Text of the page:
Here’s what I’m hearing from Apple retail stores: Demand for demos is way down. People who do book appointments often don’t show up, and sales — at least at some locations — have gone from a couple of units a day to just a handful in a whole week. Mark Gurman

The result is a more aggressive marketing push by Apple to keep the Vision Pro in the front of people’s minds. As Gurman notes, the company has added “a huge promo for the Vision Pro at the top of the website,” marking a return to the way it was pushing the headset when it launched in early February.

Some of this is just the obvious aspect of the novelty wearing off. People were naturally curious about this cool new device, but those who really wanted to try it out have already done so. Curious “tire-kickers” who were more on the fence have probably decided it’s no longer worth taking time out of their day.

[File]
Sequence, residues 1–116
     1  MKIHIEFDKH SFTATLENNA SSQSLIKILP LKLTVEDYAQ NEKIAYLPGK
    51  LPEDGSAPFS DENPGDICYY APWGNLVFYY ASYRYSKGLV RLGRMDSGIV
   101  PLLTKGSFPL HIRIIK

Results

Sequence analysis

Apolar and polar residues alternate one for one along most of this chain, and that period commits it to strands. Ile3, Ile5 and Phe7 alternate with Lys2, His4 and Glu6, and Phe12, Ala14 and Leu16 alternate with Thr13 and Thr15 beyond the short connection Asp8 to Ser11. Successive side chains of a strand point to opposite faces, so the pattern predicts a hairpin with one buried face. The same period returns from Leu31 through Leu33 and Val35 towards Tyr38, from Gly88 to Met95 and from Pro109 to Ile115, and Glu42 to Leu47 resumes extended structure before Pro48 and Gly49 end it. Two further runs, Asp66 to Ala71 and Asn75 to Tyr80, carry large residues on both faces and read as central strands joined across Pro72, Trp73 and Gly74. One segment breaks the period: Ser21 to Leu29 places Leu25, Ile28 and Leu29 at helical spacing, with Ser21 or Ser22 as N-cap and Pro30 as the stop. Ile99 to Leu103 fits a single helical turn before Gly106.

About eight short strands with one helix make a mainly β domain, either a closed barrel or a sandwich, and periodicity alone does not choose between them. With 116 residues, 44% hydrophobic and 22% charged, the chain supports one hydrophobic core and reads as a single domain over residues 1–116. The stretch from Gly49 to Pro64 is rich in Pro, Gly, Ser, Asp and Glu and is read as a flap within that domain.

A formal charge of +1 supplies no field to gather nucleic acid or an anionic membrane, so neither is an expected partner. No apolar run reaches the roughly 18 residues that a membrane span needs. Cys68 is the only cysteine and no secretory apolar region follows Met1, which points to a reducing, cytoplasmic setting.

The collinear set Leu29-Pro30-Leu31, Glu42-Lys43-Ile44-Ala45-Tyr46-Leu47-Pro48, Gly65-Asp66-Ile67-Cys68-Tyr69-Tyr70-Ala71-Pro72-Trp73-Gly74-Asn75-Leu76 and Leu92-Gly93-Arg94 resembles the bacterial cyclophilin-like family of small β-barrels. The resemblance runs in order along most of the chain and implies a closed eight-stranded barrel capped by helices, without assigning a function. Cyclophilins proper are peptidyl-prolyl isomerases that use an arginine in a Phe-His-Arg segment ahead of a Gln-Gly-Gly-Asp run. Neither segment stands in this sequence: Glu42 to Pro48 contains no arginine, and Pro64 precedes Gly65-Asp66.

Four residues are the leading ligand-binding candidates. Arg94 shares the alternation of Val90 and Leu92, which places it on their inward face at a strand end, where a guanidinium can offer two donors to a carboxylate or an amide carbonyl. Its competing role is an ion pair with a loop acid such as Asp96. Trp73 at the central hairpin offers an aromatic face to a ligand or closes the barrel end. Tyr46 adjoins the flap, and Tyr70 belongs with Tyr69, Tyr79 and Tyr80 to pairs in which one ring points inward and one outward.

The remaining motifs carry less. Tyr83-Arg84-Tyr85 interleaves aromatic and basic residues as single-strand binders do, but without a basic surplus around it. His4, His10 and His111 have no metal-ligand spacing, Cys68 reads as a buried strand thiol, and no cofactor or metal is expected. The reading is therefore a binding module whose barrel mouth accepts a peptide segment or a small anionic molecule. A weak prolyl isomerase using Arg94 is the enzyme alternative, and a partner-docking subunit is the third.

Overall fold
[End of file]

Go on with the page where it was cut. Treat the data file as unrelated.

Still, that’s a stark contrast to other big Apple product releases. The original iPhone and the first Apple Watch saw droves of people flooding Apple Stores months after they went on sale. However, the difference here is that most folks could imagine owning an iPhone or an Apple Watch, even if they could only dream of doing so at the time. Plus, you could walk into an Apple Store and poke around at an iPhone on your own time; the Vision Pro requires a scheduled guided demo.

As Gurman points out, the biggest question is how many people who own a Vision Pro are still actively using it. That’s a common problem among VR headsets, where the “cool factor” wears off very quickly. Gurman shares that he’s already gone from using the headset several times a day to “maybe once or twice a week.”